CORNELIUS – Earlier this month town leaders took Mecklenburg County Sheriff Garry McFadden up on his offer to meet in Charlotte in less “adversarial” circumstances than their previous interaction.

McFadden was asked to attend the March 18 Cornelius town board meeting to address concerns about a speed enforcement operation the sheriff’s office held in February on Jetton Road. The two-hour operation culminated in 21 traffic citations for speeds of at least 10 miles per hour more than the posted 35 mph speed limit.

Cornelius commissioners as well as residents questioned why the sheriff’s office was issuing traffic tickets, why no notice was given to the town and why it was done in Cornelius and on Jetton Road. The meeting took a turn when the newly elected sheriff said he wasn’t given a proper welcome in the town and asked if the reason the event received so much backlash is because it is a wealthier area.

“Is it really about this? Or is it about privilege?” he said during the meeting after explaining the sheriff’s office has jurisdiction over the entire county and can issue traffic citations.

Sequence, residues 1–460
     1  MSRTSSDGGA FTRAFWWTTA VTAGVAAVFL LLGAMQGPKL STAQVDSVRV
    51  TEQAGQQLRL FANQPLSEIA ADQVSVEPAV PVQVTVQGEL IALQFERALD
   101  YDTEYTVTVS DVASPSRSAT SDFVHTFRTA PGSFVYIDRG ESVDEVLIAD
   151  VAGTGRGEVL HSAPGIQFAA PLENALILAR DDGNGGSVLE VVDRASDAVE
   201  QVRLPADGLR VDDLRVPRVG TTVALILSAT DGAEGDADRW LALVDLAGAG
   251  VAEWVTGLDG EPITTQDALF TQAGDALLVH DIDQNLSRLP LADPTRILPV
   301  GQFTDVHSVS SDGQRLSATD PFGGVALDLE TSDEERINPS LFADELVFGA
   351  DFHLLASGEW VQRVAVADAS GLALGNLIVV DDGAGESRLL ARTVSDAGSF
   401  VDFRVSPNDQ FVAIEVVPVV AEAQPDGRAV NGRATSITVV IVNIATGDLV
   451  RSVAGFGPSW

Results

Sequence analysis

The event caused a stir throughout the county. Locally, some residents said the sheriff was abusing his power or simply seeking to increase revenue by having the speed enforcement operations, while others called the commissioners’ questioning of the operation an embarrassment to the town.

In early April Mayor Woody Washam, who was absent from the town board meeting, met with McFadden along with Cornelius Police Chief Kevin Black and Town Manager Andrew Grant.

“It was a good visit,” Washam reported during the April 15 town board meeting. “We had a lot of good conversation. … I still don’t agree with everything that occurred during that process, but the sheriff was very gracious to us.”

Washam said there are plans for the two entities to work together on some things as well as to have the north Mecklenburg mayors meet McFadden to continue the dialogue and partnership.

“That’s the way to do this,” Washam said. “We need the sheriff’s department, and the sheriff department needs us. We’re in a whole lot better position.”


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